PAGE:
Bank of America matches donations of “citizen philanthropists” (PRNewswire, 3/20)
This is interesting. At DonorsChoose.org, individual teachers can submit “proposals” for classroom projects that need funding. Individual donors can then fund all or part of a project. (Globalgiving [WG member] does the same thing on a multi-issue, global scale.) It’s an exciting model that allows small donors to act big. But when major givers like Bank of America [WG member] start matching private donations, the line between big philanthropy and small donors really begins to blur [EDIT–in a good way, I mean]. So, could/should a similar model be used to benefit an entire non-profit community in a particular city or region? Why only use this on a global scale and for classroom projects?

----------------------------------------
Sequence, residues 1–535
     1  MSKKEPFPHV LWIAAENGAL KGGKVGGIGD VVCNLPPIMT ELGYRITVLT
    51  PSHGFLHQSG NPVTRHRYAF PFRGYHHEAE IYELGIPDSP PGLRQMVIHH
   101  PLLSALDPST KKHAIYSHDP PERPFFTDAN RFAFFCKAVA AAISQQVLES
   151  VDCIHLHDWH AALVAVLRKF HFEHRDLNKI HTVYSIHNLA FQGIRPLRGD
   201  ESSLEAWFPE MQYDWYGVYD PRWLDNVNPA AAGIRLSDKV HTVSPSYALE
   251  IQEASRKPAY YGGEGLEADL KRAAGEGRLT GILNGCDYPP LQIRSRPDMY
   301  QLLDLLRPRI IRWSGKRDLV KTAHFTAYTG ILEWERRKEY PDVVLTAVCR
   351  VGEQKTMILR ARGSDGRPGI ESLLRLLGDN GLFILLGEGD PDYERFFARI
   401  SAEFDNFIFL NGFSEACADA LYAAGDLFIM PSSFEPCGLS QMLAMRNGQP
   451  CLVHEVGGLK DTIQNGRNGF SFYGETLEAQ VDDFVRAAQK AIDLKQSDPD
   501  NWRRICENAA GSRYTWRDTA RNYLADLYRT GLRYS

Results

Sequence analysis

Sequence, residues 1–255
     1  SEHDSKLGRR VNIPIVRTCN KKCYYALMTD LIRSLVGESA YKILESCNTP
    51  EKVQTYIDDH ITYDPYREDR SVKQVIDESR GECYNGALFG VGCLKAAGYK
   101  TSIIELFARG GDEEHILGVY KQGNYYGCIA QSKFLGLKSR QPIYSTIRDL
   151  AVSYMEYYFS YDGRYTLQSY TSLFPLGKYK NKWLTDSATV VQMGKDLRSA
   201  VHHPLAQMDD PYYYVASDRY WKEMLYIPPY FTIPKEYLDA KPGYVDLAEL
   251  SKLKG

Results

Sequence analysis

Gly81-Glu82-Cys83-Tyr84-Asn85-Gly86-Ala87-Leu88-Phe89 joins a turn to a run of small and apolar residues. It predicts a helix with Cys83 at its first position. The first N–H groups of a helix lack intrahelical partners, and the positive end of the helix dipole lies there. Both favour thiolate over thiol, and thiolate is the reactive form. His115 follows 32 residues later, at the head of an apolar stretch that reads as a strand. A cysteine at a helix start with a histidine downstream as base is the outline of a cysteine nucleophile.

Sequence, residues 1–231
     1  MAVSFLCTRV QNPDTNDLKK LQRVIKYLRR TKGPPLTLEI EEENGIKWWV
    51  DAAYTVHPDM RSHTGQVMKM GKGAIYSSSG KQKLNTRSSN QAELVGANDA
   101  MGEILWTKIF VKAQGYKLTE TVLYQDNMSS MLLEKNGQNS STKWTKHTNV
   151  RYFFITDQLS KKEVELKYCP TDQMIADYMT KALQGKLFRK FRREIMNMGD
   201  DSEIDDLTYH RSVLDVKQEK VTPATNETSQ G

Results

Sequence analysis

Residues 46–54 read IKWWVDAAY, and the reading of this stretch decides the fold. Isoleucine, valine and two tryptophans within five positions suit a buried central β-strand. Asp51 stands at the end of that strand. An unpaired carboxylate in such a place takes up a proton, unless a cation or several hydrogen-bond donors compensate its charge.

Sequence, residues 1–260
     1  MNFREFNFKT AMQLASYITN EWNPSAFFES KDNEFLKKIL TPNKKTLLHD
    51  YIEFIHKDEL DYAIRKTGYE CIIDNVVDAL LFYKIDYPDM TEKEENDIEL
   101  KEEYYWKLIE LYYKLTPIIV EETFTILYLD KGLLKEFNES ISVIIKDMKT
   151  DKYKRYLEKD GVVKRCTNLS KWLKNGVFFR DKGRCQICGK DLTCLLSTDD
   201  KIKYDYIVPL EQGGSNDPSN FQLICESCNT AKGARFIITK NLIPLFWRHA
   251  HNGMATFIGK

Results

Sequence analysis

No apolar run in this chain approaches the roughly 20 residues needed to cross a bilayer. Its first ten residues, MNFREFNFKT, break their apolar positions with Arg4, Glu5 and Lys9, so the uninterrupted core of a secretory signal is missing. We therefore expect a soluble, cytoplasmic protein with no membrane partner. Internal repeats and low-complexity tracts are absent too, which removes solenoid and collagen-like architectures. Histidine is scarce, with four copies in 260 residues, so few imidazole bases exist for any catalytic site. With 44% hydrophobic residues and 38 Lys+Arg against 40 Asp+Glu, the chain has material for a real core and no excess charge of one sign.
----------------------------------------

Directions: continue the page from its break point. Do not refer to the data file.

[DC] Gates Foundation to fund scholarships in D.C. (WaPo, 3/22)
Select students at six high schools–Anacostia, Ballou, H.D. Woodson, Friendship Collegiate, Maya Angelou-Evans and Thurgood Marshall Academy–will receive college prep classes, college mentors, and scholarships. The D.C. College Success Foundation will receive $112 million, and $10 million will go to the D.C. College Access Program (DC-CAP), a nonprofit funded by several WG members, to administer elements of the program and to expand operations.
[VA] “In Fairfax’s ‘No Child’ Fight, A Refusal to Leave Children Behind” (WaPo, 3/22)
The Dept. of Education is threatening to withhold $17 million in funding, but Fairfax County Superintendent Jack Dale refuses, as columnist Marc Fisher puts it, “to make a kid who has just arrived in the country sit at a desk and be humiliated by a test that can only make him feel like a moron.” Virginia’s senators are backing a bill to preserve funding.